Myth: Brain abnormalities of ADHD patients are caused by psychiatric medications
A large scientific literature shows that ADHD people have subtle problems with the structure and function of their brains. Scientists believe that these problems are the cause of ADHD symptoms. Critics of ADHD claim that these brain problems are caused by the medications used to treat ADHD. Who is right?
Fact: Brain abnormalities are found in never medicated ADHD patients.
Alan Zametkin, a scientist at the US National Institute of Mental Health was the first to show brain abnormalities in ADHD patients who had never been treated for their ADHD. He found that some parts of the brains of ADHD patients were underactive. His findings could not be due to medication because the patients had never been medicated. Since his study, many other researchers have used neuroimaging to examine the brains of ADHD patients. This work confirmed Dr. Zametkin’s observation of abnormal brain findings in unmedicated patients. In fact, reviews of the brain imaging literature have concluded that the brain abnormalities seen in ADHD cannot be attributed to ADHD medications.
 

REFERENCES
Wilens, T., Faraone, S. V., Biederman, J. & Gunawardene, S. (2003). Does Stimulant Therapy of Attention Deficit Hyperactivity Disorder Beget Later Substance Abuse? A Meta-Analytic Review of the Literature. Pediatrics 111, 179-185.

Humphreys, K. L., Eng, T. & Lee, S. S. (2013). Stimulant Medication and Substance Use Outcomes: A Meta-analysis. JAMA Psychiatry, 1-9.

Chang, Z., Lichtenstein, P., Halldner, L., D’Onofrio, B., Serlachius, E., Fazel, S., Langstrom, N. & Larsson, H. (2014). Stimulant ADHD medication and risk for substance abuse. J Child Psychol Psychiatry 55, 878-85.

Nakao, T., Radua, J., Rubia, K. & Mataix-Cols, D. (2011 ). Gray matter volume abnormalities in ADHD: voxel-based meta-analysis exploring the effects of age and stimulant medication. Am J Psychiatry 168, 1154-63.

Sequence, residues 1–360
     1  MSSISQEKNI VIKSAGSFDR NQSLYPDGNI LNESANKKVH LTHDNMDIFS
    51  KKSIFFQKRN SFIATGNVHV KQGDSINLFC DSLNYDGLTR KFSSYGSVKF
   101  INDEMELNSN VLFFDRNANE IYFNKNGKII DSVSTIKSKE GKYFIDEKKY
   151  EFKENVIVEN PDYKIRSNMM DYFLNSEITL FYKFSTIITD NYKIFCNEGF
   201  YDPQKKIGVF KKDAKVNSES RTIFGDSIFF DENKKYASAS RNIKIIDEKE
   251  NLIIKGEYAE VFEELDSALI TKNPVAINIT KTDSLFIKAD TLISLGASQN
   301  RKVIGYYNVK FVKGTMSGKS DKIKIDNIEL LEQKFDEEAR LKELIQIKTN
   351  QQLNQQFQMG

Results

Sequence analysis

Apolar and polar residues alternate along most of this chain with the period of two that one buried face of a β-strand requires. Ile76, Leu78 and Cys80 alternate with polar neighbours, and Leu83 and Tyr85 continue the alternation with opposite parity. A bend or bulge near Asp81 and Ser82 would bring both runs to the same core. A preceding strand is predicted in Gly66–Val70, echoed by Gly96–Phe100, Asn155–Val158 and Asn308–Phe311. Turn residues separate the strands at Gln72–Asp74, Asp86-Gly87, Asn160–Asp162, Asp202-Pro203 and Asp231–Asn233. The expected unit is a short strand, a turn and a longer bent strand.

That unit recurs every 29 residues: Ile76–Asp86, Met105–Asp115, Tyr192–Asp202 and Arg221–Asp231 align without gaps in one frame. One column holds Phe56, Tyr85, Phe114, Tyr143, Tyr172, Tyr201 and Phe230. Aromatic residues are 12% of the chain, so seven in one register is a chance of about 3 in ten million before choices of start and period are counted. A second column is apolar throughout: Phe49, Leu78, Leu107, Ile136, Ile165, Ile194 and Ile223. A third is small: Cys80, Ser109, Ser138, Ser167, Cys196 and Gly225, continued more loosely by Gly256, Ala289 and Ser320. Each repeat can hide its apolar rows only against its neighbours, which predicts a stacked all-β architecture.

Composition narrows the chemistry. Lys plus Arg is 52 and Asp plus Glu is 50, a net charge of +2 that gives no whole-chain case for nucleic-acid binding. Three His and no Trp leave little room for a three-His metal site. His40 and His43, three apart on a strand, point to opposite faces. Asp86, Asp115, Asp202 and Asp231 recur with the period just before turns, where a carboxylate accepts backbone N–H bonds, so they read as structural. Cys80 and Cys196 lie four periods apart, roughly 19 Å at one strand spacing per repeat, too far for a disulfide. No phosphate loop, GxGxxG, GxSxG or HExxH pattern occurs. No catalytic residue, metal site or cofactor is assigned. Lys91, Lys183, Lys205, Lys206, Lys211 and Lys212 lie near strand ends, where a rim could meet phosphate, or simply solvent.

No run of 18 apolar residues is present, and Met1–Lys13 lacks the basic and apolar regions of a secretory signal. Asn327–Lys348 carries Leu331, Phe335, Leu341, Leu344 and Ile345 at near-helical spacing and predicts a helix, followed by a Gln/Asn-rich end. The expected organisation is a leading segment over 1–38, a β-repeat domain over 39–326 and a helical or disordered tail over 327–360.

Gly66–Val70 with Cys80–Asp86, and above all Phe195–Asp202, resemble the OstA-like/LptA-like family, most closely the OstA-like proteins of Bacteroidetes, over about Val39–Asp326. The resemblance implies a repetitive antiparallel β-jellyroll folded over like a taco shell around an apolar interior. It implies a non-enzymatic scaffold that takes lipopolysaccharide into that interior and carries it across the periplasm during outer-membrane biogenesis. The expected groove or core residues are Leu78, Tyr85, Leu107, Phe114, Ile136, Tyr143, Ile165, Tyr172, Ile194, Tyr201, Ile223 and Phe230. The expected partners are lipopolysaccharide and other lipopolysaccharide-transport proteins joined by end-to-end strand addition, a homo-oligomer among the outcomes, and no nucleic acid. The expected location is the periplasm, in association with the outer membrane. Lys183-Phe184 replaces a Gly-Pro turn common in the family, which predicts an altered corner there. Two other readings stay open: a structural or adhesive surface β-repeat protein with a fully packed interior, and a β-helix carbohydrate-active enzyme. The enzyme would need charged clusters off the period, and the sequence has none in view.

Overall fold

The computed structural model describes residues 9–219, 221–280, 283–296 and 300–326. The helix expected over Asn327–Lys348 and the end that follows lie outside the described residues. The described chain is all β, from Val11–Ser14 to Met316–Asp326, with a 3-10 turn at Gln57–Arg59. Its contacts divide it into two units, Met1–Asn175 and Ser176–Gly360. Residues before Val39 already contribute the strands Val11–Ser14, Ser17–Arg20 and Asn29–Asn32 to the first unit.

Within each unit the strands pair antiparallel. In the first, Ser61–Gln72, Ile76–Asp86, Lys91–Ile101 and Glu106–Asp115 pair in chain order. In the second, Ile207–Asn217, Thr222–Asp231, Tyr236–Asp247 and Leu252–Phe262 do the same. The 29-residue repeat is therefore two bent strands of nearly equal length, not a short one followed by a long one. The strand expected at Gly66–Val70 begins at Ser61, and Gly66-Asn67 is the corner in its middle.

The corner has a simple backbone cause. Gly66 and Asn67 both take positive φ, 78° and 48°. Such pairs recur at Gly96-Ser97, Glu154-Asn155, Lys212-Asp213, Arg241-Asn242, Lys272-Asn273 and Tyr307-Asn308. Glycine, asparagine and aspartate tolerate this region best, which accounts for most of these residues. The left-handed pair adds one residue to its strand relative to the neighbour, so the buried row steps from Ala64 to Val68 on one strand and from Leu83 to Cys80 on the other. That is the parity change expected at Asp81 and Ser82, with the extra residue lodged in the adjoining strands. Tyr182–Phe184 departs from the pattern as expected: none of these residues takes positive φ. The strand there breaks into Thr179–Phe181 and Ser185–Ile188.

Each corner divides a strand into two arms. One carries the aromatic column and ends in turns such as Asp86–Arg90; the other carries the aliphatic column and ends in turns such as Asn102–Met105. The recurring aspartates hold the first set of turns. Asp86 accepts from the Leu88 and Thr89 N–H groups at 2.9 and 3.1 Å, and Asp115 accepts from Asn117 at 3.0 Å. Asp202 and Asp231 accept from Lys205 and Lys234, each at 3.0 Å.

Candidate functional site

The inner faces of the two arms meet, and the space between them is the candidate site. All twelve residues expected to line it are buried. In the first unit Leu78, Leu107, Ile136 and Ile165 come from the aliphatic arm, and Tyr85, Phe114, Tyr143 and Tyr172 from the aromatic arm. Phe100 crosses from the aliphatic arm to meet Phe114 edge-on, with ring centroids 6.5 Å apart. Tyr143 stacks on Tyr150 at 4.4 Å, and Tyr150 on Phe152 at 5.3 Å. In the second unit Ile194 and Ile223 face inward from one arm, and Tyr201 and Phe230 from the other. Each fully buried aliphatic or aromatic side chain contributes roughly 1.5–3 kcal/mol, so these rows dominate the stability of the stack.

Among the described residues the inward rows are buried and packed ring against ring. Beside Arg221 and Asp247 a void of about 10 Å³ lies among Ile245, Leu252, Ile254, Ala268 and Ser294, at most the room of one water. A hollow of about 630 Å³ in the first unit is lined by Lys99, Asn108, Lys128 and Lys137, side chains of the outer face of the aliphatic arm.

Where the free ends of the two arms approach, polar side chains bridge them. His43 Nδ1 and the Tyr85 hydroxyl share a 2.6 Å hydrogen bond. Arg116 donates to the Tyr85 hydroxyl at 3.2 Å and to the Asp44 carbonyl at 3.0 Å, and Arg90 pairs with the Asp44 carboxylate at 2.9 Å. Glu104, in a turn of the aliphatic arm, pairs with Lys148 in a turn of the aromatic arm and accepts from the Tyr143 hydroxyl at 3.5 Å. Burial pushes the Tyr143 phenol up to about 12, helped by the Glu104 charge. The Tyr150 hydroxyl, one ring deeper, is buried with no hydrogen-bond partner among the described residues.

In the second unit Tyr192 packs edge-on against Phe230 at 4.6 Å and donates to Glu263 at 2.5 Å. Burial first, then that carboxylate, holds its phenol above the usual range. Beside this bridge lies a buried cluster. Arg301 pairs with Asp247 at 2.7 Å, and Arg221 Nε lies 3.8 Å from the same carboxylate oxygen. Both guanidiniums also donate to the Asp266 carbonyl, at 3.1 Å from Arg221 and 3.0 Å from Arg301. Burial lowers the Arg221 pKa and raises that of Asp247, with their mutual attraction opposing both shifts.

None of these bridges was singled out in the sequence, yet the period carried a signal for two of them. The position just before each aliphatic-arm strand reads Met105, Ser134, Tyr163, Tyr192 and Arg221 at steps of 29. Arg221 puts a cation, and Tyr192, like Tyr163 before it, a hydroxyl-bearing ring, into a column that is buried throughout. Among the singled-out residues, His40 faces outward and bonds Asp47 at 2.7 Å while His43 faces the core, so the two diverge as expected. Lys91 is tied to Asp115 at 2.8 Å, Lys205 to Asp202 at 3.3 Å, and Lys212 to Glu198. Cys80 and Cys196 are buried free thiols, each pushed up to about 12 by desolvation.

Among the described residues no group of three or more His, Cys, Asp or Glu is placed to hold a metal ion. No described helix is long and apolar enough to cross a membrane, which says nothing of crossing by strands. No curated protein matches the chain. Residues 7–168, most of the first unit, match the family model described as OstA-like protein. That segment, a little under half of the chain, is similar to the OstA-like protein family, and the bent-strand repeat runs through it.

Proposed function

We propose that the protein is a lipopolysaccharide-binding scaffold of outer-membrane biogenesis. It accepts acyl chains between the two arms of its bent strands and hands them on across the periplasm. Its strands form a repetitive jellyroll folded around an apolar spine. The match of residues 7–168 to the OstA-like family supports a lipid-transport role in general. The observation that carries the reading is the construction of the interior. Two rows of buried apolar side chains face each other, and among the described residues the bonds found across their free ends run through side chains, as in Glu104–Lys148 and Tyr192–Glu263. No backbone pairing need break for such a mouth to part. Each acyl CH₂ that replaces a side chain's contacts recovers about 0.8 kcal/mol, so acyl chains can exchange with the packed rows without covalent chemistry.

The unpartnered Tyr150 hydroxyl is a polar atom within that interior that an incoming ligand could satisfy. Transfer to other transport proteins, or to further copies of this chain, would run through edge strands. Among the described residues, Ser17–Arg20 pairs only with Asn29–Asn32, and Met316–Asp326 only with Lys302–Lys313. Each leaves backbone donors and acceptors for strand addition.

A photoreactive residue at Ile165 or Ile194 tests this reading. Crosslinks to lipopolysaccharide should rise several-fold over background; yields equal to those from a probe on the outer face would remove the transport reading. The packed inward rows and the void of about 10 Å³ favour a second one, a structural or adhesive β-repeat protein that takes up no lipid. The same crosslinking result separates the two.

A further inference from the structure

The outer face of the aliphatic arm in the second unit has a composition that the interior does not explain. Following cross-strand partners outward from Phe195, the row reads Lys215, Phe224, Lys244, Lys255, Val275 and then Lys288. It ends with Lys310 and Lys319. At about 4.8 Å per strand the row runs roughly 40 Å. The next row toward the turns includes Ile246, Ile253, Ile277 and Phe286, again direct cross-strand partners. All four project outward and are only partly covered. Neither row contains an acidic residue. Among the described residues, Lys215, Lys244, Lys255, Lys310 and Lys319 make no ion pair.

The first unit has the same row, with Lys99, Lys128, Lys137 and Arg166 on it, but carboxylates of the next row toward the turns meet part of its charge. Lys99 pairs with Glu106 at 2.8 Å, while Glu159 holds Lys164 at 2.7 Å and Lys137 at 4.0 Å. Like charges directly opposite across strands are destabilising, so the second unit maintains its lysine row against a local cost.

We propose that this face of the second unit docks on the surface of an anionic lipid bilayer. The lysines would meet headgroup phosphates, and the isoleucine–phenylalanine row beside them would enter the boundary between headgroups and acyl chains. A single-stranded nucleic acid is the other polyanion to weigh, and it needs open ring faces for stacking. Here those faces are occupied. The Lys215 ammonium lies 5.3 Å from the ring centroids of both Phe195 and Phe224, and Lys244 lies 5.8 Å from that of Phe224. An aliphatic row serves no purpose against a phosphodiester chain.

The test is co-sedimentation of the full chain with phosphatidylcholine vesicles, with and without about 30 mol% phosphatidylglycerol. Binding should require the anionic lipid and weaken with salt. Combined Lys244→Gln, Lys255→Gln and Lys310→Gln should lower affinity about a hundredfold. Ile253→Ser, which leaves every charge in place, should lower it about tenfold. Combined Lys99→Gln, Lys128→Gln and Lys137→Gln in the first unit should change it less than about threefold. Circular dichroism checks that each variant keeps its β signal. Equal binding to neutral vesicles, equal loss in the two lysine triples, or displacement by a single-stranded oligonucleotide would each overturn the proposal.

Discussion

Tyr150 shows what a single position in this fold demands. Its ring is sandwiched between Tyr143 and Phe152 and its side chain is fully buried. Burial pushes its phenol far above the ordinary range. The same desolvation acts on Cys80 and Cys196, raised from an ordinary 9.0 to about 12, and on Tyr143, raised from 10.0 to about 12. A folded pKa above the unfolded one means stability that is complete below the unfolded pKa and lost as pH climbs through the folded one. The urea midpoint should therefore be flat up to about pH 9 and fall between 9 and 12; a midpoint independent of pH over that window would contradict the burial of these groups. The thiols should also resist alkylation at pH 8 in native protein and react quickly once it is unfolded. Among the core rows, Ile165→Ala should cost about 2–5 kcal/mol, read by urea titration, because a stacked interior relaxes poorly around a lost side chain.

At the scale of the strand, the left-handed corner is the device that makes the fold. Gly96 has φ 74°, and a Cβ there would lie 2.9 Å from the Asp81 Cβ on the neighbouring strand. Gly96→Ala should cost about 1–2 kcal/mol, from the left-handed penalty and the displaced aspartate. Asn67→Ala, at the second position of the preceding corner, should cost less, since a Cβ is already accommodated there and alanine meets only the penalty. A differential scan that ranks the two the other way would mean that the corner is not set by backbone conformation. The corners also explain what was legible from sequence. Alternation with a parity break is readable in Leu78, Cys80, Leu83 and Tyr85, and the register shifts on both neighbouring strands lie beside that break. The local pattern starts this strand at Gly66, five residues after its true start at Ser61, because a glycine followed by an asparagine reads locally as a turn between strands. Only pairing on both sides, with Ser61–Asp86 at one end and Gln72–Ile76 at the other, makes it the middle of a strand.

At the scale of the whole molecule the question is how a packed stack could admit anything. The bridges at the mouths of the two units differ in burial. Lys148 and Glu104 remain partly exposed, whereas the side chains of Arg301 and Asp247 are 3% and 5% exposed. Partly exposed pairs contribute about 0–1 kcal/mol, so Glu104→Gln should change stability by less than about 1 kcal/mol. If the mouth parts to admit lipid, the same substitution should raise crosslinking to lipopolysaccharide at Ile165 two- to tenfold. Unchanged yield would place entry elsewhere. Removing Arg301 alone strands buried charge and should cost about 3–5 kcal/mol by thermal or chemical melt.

Rubia, K., Alegria, A. A., Cubillo, A. I., Smith, A. B., Brammer, M. J. & Radua, J. (2014). Effects of stimulants on brain function in attention-deficit/hyperactivity disorder: a systematic review and meta-analysis. Biol Psychiatry 76, 616-28.

Spencer, T. J., Brown, A., Seidman, L. J., Valera, E. M., Makris, N., Lomedico, A., Faraone, S. V. & Biederman, J. (2013). Effect of psychostimulants on brain structure and function in ADHD: a qualitative literature review of magnetic resonance imaging-based neuroimaging studies. J Clin Psychiatry 74, 902-17.

ADHD and Diet

http://medicalwritingtraining.com/If we are to believe what we read on the Internet, dieting can cure many of the ills faced by humans. Much of what is written is true. Changes in dieting can be good for heart disease, diabetes, high blood pressure and kidney stones to name just a few examples. But what about ADHD? Food elimination diets have been extensively studied for their ability to treat ADHD. They are based on the very reasonable idea that allergies or toxic reactions to foods can have effects on the brain and could lead to ADHD symptoms.

Although the idea is reasonable, it is not such an easy task to figure out what foods might cause allergic reactions that could lead to ADHD symptoms. Some proponents of elimination diets have proposed eliminating a single food, others include multiple foods and some go as far to allow only a few foods to be eaten so as to avoid all potential allergies. Most readers will wonder if such restrictive diets, even if they did work, are feasible. That is certainly a concern for very restrictive diets.

Perhaps the most well-known ADHD diet is the Feingold diet (named after its creator). This diet eliminates artificial food colorings and preservatives that have become so common in the western diet. Some have claimed that the increasing use of colorings and preservatives explains why the prevalence of ADHD is greater in Western countries and has been increasing over time. But those people have it wrong. The prevalence of ADHD is similar around the world and has not been increasing over time. That has been well documented but details must wait for another blog.